OBJECTIVE: Timely and experienced intervention for esophageal foreign bodies generally allows for removal with minimal morbidity. However, esophageal foreign bodies present a risk for esophageal perforation and subsequent mediastinitis, especially if the diagnosis of the foreign body is delayed. Although much has been written about the management of esophageal foreign bodies and their complications, little has been mentioned in recent literature about the specific complication of mediastinitis. This review was performed to examine our experience with this uncommon complication of esophageal foreign bodies. methods: A retrospective review of the esophageal foreign body database at Children's Hospital of wisconsin from 1987 to 1997 was performed to identify patients with esophageal foreign bodies and subsequent mediastinitis. RESULTS: Four patients with esophageal perforation with associated mediastinitis secondary to retained esophageal foreign bodies were identified. Three of the four patients were treated with conservative measures consisting of foreign body removal, intravenous antibiotics and discontinuing of oral nutrition. These patients all achieved resolution of their mediastinitis and esophageal perforation with subsequent return to normal diets and no significant morbidity. One patient, with vascular erosion, required aggressive, invasive therapy. CONCLUSION: From review of this limited number of patients, in the absence of major vascular erosion, conservative methods of treating children with foreign body esophageal perforation and subsequent mediastinitis appears to be effective.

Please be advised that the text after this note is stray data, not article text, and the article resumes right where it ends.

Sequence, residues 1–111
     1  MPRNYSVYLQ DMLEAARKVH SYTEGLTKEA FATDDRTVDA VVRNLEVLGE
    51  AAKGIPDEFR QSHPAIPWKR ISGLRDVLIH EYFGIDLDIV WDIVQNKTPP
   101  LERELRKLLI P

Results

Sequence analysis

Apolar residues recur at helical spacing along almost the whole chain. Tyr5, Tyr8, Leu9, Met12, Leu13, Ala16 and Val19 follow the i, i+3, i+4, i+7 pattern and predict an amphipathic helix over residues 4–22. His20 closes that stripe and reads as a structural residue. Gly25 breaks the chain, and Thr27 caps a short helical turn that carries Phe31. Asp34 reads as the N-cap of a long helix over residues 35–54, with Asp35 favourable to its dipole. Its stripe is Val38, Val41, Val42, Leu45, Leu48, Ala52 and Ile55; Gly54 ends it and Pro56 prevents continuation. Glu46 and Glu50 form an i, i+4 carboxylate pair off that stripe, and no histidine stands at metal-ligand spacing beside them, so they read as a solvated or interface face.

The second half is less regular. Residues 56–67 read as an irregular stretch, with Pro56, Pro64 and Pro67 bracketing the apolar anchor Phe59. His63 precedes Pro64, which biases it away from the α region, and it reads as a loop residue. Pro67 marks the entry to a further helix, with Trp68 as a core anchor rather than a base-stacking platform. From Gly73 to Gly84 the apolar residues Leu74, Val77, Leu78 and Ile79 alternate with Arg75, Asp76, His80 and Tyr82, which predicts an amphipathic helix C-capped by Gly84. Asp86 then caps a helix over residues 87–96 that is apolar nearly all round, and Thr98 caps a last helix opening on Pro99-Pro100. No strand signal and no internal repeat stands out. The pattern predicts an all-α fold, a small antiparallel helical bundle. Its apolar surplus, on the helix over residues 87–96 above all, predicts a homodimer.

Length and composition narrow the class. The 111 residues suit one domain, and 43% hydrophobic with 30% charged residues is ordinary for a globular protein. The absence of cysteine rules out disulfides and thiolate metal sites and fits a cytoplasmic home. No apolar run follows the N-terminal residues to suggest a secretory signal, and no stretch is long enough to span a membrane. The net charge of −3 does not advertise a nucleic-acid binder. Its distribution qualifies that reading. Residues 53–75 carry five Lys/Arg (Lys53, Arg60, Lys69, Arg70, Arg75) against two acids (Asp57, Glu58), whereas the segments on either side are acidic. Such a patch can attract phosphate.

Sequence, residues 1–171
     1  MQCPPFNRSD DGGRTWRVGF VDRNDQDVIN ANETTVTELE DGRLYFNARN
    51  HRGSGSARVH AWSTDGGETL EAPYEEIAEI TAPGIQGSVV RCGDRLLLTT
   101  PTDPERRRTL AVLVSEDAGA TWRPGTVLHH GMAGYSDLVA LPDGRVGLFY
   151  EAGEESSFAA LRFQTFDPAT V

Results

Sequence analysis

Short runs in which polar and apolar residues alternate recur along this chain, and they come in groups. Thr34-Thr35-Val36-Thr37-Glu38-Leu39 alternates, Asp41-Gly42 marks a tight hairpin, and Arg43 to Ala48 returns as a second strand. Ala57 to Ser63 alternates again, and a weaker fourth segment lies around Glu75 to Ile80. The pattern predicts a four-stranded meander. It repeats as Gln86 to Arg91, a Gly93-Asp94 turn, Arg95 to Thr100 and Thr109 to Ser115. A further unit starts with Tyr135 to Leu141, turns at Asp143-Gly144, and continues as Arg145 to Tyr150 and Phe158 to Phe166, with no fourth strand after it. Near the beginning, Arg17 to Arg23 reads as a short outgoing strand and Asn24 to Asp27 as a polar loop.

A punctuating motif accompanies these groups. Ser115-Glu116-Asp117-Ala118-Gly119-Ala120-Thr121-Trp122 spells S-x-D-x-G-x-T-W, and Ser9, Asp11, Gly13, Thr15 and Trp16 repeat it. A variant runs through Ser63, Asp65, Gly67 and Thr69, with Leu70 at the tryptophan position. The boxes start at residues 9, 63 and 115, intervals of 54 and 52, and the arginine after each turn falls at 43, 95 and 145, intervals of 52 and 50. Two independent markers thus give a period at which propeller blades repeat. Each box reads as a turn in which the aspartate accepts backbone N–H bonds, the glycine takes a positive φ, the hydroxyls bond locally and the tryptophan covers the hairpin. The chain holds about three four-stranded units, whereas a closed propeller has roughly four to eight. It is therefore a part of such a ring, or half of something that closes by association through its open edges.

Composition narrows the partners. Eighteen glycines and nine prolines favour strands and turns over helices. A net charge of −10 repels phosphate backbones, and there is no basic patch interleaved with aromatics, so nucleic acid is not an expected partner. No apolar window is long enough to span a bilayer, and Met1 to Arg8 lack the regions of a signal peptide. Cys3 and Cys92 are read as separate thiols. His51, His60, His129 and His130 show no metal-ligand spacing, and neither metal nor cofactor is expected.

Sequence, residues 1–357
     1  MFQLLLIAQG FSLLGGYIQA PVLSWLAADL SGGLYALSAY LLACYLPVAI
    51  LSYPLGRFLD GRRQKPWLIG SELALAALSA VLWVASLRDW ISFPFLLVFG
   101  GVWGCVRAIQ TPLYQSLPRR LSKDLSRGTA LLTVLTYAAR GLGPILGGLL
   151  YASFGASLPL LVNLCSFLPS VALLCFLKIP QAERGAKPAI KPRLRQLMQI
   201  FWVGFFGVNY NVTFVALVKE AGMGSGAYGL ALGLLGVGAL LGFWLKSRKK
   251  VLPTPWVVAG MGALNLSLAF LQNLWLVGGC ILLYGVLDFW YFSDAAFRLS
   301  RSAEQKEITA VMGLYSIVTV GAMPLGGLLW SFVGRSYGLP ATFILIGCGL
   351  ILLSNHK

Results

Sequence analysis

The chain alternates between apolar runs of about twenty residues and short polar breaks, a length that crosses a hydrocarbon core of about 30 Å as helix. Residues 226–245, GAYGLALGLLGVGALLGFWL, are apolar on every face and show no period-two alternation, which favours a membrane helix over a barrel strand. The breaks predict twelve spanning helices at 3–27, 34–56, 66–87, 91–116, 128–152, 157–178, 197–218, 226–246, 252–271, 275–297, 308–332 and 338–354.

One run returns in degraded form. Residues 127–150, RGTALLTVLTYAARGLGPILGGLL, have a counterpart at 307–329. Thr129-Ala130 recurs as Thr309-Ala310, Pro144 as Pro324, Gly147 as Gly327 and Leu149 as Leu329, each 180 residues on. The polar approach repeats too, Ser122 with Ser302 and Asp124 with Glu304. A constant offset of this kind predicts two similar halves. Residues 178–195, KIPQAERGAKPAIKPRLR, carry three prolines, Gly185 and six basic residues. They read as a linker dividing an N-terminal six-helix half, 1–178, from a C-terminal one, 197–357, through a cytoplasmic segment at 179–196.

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ranking = 4